Sunday, November 23, 2014

Acceptance is the Key to my Happiness

I Can't?

     The absurdity of the words, "I can't walk", emanating from myself felt foreign.  Rarely have I ever spoken words of that nature.  Not being able to stomach that phrase, it soon became,
 "I can't yet"

   Teaming with two surgeons, I began a quest of moving forward with a philosophy of "Let's see how much of my life I can get back."  It has been a long road to my best recovery from that car collision. We are just a month shy of four years since our world has been rocked.  Four years of frustration, tears, lost memories, living in slow motion and sheer joy at the most trivial advancements. That brings us to the splitting of tracks.  I have envisioned myself the small but mighty engine that may not be able to pull the largest of loads anymore, I may have to be more creative about which route I must take, but I am persistent and always make it to my next station.  

     My upcoming visit with my surgeon in December should be my release into the real world.  Providing all goes well, I am free of surgeries and free to live as I want to live until the day arrives that "I can't" anymore.  Enthusiasm envelops me at the thought that no one but myself has authority to tell me what I can and cannot physically do.  The other side of the sword is that this truly means I am at my peak.  There is no getting better anymore and that is all that it has been for four years.  This is as good as it gets.  I have worked hard and my family and I have practiced extreme patience with my trials and I believe we are all proud to have this moment upon us.  But this means, I must now accept that this is where I will stay.  So I must swallow those bitter words of "I can't" and accept that there are some physical activities that I just will not be able to achieve.  

     Entering into a small shop I chose a gift for my daughter.  Walking into a back room, the owner wrapped that gift with care as she asked, "Carey, how do you do it?"  "What is that exactly?" I inquired.  "When you have tried everything you know how to do and you know you will not get any better", she spoke.  Thankful that her glance was cast down as my eyes darted to her face, I felt my lips part in astonishment.  Did she know?  How could she know?  Tears sting my eyes as I perceive that it was a honest inquiry and that she has no idea that question has been slowing invading my thoughts as I near the end of my own recovery.  She was speaking of her own trials.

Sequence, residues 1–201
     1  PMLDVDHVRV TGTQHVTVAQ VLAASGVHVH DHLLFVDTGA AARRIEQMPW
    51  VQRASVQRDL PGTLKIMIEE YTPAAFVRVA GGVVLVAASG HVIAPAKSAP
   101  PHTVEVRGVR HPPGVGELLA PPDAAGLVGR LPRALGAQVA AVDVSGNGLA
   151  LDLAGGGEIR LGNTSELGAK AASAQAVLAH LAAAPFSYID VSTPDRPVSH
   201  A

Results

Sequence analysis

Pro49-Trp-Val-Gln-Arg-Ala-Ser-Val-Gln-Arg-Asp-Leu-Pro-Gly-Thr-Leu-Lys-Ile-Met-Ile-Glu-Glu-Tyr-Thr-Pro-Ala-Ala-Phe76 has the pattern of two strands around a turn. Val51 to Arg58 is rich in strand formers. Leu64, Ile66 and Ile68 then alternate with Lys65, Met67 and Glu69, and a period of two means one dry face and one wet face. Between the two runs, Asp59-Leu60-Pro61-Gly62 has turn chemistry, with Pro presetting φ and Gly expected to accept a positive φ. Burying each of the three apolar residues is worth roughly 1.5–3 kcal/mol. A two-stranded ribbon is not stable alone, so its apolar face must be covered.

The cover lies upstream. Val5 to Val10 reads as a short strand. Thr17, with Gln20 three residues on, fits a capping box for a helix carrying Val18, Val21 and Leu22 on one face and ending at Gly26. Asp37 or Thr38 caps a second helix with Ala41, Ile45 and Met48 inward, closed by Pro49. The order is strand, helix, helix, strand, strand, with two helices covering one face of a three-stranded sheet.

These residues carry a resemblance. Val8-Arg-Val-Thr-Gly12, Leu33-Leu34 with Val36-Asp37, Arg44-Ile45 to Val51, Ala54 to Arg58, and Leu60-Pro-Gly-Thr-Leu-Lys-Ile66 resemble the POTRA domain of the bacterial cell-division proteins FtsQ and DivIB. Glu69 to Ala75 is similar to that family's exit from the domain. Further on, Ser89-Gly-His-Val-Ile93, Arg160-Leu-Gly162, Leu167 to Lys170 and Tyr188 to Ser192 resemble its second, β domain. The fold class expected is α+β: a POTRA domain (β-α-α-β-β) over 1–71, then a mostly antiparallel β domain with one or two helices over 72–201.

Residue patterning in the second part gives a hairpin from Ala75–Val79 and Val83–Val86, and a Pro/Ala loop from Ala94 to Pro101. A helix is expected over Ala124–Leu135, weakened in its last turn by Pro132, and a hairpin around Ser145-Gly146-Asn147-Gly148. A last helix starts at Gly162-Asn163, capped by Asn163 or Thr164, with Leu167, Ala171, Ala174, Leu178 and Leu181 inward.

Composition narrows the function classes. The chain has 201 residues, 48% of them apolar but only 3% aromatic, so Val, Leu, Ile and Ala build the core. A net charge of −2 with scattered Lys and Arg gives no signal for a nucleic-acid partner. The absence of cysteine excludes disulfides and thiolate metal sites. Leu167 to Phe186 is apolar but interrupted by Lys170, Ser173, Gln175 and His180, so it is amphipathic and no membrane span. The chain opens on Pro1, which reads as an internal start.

As my emotions released their hold on the lump they had placed in my throat, I admonished,   "When I know that I have done all that I can do, that I have put one hundred percent into the effort and feel proud of that effort, then I accept.  Actually, acceptance is the key to my happiness." 

     Hearing my own words, I softly smiled.  I also smirked at God because He knows I now listen.  He has a way of working through people.  This shop owner helped me take my own advice that day and maybe my words helped her through the next step of her own journey.  She does not know how that short visit affected me or that it nudged me out of that rut of vulnerability.  

     Recovery is as much mental as it is a physical.   My husband has cited a pledge to me many times over our almost ten year liaison, especially this last four.  A great friend passed it to him, he has passed it to me and I will pass it to you.  I altered it a bit to tailor to my situation, but in the end we receive the same message. 

Acceptance is the key to my happiness.  When I am disturbed, it is because I find -- some fact of my life -- unacceptable to me, and I can find no happiness until I accept that situation as being 
exactly the way it is supposed to be at this moment.
Nothing, absolutely nothing happens in God's world by mistake.  
 I must accept life completely on life's terms or I cannot be happy. I need to concentrate not so much on what needs to be changed in the world as on what needs to be changed in 
me and in my attitudes.

   My happiness does not hinge on what was thrust upon me.  My happiness does not hinge on my ability to walk.  My happiness clings onto my attitude, that if I cannot change my circumstances then, I make peace with it by accepting that this is how life is supposed to be a this moment.

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